Hedge funds reported their third consecutive month of gains, returning 0.78%1 and outperforming underlying markets as the MSCI World Index2 finished the month down 0.39%. Global equity markets performance was mixed, with overall gains seen in Europe and Japan while US equity markets retreated following weaker durables data signalling that perhaps the stronger dollar is finally beginning to bite into the US economic recovery. Although expected, the Federal Reserve made headlines during the month by dropping the word ‘patience’ from its statement during the month, opening up the possibility of an interest rate hike as soon as June but simultaneously reassuring investors that any rise would be gradual. European Central Bank quantitative easing remained in full effect, pushing Eurozone government bond yields further into unprecedented negative territory. Meanwhile, Greece moved dangerously closer to a default as funds began to run low while negotiations appeared to be at an impasse. While European governments and banks have made contingency plans for a Greek default, the full impact of a ‘Grexit’ remains unknown.
Figure 1: February and March 2015 returns across regions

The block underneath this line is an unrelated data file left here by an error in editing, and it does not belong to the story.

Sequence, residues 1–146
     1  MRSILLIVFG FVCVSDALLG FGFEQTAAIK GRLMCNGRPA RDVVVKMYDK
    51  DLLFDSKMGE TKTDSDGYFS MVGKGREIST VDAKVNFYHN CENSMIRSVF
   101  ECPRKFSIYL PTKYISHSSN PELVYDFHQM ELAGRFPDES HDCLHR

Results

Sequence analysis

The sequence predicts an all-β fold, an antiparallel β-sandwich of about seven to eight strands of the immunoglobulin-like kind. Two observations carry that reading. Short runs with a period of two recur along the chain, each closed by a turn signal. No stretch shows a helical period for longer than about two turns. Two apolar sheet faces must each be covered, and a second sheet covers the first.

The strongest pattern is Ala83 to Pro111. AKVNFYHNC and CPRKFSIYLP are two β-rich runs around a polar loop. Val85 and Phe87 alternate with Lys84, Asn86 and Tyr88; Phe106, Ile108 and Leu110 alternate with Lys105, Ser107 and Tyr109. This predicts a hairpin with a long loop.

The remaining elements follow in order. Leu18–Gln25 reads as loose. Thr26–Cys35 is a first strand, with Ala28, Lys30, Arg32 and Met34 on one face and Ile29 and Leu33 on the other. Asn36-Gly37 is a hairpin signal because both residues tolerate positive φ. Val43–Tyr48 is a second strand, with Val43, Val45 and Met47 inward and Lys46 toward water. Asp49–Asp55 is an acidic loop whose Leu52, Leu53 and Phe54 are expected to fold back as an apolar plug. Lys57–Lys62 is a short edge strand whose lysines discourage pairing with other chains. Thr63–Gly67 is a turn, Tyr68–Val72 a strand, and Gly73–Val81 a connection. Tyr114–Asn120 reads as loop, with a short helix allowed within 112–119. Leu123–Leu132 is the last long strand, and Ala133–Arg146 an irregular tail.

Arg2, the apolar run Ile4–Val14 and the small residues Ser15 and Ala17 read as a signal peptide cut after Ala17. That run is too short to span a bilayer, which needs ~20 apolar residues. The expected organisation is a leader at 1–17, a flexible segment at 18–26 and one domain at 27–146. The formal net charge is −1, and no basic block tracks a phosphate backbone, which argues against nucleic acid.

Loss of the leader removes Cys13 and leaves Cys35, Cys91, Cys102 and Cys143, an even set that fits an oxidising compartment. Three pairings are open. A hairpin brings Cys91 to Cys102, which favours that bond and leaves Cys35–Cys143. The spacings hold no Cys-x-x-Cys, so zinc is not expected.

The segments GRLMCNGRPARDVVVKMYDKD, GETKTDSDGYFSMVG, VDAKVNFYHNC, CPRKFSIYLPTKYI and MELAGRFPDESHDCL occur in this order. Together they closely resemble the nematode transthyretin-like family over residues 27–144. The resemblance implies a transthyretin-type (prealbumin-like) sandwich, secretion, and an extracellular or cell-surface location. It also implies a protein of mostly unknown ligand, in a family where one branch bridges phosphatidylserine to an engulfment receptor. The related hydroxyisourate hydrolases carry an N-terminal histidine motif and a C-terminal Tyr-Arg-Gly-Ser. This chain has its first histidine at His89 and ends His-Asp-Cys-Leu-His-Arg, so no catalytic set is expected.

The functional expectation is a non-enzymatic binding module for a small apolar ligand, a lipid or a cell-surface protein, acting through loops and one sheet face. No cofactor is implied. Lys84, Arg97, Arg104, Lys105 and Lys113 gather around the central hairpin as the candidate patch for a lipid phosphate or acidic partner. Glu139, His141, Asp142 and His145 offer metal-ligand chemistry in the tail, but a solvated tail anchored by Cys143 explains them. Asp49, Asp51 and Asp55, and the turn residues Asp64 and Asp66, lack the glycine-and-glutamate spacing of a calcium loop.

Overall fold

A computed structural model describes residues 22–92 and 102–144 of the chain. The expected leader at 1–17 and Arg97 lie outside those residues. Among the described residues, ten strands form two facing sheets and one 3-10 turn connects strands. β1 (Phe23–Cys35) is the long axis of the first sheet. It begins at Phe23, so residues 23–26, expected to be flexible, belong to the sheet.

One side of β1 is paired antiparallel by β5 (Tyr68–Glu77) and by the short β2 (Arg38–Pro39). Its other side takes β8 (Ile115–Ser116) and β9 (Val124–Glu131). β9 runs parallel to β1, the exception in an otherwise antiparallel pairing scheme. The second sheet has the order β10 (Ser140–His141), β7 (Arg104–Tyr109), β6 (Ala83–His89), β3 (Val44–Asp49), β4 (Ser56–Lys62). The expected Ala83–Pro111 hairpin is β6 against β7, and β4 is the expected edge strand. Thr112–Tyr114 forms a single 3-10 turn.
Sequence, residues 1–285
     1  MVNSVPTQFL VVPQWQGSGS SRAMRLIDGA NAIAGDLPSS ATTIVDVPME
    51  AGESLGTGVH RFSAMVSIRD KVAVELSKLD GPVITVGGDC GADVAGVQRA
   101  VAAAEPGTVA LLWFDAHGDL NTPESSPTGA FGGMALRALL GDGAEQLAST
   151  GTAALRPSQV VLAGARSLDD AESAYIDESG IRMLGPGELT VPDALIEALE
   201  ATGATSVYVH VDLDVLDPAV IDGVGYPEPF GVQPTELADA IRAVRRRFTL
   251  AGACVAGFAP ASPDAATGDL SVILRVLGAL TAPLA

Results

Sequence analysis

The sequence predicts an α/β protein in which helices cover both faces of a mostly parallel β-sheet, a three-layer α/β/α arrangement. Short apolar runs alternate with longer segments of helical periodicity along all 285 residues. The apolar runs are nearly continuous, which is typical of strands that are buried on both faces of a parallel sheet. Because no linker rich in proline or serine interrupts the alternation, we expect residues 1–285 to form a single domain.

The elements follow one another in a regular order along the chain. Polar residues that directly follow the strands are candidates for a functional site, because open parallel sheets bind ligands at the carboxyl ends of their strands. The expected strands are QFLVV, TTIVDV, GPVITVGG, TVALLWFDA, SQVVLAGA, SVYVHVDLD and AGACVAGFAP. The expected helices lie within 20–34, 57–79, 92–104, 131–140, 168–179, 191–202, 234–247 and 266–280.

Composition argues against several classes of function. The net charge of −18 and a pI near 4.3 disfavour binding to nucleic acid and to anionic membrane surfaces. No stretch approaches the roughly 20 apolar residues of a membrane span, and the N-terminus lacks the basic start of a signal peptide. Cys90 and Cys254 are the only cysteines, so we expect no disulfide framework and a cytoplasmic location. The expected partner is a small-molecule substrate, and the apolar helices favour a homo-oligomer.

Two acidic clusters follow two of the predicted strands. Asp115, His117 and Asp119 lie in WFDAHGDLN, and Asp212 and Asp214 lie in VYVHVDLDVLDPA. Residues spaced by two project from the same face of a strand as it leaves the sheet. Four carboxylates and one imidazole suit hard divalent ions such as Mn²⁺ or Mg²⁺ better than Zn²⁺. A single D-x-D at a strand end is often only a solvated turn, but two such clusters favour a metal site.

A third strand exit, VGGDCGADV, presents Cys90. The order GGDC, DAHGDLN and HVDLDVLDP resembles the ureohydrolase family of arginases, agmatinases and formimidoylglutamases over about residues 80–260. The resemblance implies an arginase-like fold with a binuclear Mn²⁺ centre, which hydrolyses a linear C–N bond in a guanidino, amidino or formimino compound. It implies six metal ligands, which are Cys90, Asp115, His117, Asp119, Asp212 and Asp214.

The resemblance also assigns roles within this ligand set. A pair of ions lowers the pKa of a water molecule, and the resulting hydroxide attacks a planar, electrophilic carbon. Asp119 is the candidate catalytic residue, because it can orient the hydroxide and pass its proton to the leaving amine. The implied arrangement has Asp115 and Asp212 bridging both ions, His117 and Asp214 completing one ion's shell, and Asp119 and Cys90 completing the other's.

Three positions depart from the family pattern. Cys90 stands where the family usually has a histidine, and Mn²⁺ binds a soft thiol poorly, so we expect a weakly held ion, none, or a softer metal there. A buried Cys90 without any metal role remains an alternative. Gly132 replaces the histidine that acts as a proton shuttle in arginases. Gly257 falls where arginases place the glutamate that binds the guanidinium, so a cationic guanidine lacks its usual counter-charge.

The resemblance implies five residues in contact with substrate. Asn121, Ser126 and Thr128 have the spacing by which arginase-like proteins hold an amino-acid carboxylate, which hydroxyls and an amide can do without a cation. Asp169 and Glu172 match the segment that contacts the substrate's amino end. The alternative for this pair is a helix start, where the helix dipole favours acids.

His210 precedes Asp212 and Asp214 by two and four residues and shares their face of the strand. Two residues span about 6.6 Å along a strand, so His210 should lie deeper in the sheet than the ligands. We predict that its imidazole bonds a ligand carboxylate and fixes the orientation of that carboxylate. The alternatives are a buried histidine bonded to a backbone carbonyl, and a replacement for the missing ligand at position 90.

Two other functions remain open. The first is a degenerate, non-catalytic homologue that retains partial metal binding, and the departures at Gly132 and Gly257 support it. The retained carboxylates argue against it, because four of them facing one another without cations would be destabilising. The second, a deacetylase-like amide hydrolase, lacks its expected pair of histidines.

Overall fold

Asia ex-Japan managers were the best performers during the month, returning 2.08%. Greater China equities were a major winning theme - the CSI 300 Index soared 13.74% amid speculation that the government would take steps to support faltering economic growth, while Chinese property developers rallied sharply as the government enacted policies to urge local authorities to restrict land supply. European funds were also up 0.98%, although following underlying markets higher as the MSCI Europe Index3 gained 0.76% on Euro weakness and the prospect of a delay in US interest rate hikes. Funds focused on Latin America and North America outperformed underlying markets which were in negative territory, gaining 0.70% and 0.49% respectively. The US S&P 500 Index ended the month lower by 1.74% as a strong dollar and weak corporate earnings growth put a dent in investor optimism. Japanese managers came in last place with gains of 0.17%, trailing the Nikkei 225 which climbed 2.18%.
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